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What are you going to do next? I’m co-writing another film that is actually set in the heavy metal milieu. I co-wrote it with an Irish writer called Kevin Lehane who lives in London. Kevin wrote a film called Grabbers a few years ago, which was an Irish monster movie. It’s been a lot of fun collaborating on that. Can you tell me a little bit about it? It’s called Heads Will Roll and it’s about a metal band that was big in the 1980s. They had a mascot, like Iron Maiden has Eddie, called Skully – a female skeleton. They split up after a concert in 1990 because people got trampled; there was a tragedy at their show. Now they’re planning a reunion and their mascot is coming back to kill them one by one. Actually, she turns out to be one of the fans who got trampled 25 years ago. She’s awoken from her coma to get her revenge: that’s the idea. So it’s still borderline horror? Yes, but a much lighter tone, more of a comedy. Comedy/horror for sure.

Filmography Born Antwerp, June 21, 1980 Studied LUCA School of Arts, Campus St-Lukas, Brussels, 2007-11 2004 2005 2007 2008 2009 2010 2014 2016 2017

Mobius, short, 7 mins. Forever, short, 13 mins. Of Cats & Women, short, 12 mins. Abused, short, 8 mins. Super 8, TV series, 20 x 5 mins. Monster!, TV series, 6 x 30 mins. Cub, feature, 84 mins. Tabula Rasa, TV series, in post-production. Heads Will Roll, feature, in development.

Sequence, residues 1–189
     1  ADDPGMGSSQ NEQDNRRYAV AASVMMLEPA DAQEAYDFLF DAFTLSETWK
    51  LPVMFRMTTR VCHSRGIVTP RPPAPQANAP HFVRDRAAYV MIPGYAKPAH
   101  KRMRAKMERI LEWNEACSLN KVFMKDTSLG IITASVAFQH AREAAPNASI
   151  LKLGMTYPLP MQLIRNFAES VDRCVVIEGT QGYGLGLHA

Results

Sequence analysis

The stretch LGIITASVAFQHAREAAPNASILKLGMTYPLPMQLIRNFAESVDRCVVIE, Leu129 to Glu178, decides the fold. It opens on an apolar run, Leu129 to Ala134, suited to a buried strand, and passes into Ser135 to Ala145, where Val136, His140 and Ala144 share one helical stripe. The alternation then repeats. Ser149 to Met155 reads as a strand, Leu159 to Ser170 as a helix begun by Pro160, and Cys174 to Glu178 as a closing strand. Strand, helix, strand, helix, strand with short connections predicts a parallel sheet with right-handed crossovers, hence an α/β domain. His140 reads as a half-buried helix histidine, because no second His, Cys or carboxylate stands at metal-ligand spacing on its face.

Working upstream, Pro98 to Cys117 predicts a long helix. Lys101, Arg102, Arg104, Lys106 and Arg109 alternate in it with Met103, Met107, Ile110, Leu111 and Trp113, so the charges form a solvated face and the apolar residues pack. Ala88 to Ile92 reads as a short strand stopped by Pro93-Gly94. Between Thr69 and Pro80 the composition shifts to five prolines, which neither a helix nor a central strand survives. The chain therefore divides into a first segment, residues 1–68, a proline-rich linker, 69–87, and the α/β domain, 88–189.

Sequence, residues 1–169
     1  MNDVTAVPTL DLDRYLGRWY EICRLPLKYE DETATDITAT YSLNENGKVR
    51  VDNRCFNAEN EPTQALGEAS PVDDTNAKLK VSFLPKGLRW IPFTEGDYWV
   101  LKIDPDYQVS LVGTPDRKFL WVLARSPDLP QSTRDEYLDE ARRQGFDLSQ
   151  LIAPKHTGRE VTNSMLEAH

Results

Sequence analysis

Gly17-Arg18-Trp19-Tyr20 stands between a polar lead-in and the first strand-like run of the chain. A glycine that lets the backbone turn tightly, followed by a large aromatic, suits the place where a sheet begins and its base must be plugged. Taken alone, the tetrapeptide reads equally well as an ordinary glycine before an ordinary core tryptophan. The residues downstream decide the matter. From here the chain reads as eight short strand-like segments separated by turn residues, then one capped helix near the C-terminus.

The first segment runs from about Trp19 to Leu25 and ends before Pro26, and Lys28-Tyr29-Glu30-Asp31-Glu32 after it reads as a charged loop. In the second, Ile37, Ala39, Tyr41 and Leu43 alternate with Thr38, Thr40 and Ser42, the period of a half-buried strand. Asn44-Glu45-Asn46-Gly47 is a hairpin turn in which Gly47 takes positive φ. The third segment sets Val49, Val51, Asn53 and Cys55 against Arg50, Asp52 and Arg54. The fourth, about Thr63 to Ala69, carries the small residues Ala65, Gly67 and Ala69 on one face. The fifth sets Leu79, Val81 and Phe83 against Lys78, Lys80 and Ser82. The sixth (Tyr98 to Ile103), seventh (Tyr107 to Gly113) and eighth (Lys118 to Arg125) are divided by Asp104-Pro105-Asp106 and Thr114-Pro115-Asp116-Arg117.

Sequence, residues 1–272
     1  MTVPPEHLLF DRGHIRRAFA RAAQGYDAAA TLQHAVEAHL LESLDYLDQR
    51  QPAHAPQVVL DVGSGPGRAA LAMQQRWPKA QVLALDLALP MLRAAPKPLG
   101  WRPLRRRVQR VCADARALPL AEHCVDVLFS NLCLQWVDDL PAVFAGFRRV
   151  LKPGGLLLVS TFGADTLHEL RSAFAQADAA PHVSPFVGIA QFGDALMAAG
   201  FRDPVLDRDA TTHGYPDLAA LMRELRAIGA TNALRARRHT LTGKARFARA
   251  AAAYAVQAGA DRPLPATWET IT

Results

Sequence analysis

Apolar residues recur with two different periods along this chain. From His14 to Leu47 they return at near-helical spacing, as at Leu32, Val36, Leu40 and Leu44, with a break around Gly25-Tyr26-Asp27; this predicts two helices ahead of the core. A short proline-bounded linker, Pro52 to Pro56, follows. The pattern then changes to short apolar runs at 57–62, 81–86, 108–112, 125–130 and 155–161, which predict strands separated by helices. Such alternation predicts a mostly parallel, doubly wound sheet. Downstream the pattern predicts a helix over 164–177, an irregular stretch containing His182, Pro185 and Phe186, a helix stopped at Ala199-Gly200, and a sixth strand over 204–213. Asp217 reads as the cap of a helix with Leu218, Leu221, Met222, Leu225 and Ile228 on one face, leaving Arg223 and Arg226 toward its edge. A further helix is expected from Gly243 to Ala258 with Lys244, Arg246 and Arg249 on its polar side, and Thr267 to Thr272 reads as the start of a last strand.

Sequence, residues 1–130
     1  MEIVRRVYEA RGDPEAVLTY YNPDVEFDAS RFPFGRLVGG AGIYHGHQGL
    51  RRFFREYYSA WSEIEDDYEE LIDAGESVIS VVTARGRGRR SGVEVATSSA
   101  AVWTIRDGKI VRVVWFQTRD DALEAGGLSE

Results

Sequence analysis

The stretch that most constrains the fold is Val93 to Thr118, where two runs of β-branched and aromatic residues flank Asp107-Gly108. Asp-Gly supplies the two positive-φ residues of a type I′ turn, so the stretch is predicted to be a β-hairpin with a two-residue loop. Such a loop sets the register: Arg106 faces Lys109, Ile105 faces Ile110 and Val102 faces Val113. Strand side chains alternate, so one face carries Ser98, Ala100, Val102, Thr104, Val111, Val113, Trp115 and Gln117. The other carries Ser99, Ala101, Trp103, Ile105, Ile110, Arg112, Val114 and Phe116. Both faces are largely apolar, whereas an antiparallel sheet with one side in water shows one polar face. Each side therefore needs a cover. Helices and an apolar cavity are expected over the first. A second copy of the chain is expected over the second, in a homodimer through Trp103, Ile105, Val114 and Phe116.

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Malin-Sarah Gozin Writer/showrunner

— Malin-Sarah Gozin is the only person interviewed for this book who didn’t go to film school. After graduating from university, she worked her way up from a TV internship to write the successful TV series Clan [which screened on British TV in 2016]. She is also largely responsible for introducing the US TV job of ‘showrunner’ into Belgian long-form television production. She is currently working on a new psychological thriller series, Tabula Rasa, co-written by and starring Veerle Baetens [Alabama in The Broken Circle Breakdown]. —

°1975


2012 66 — Clan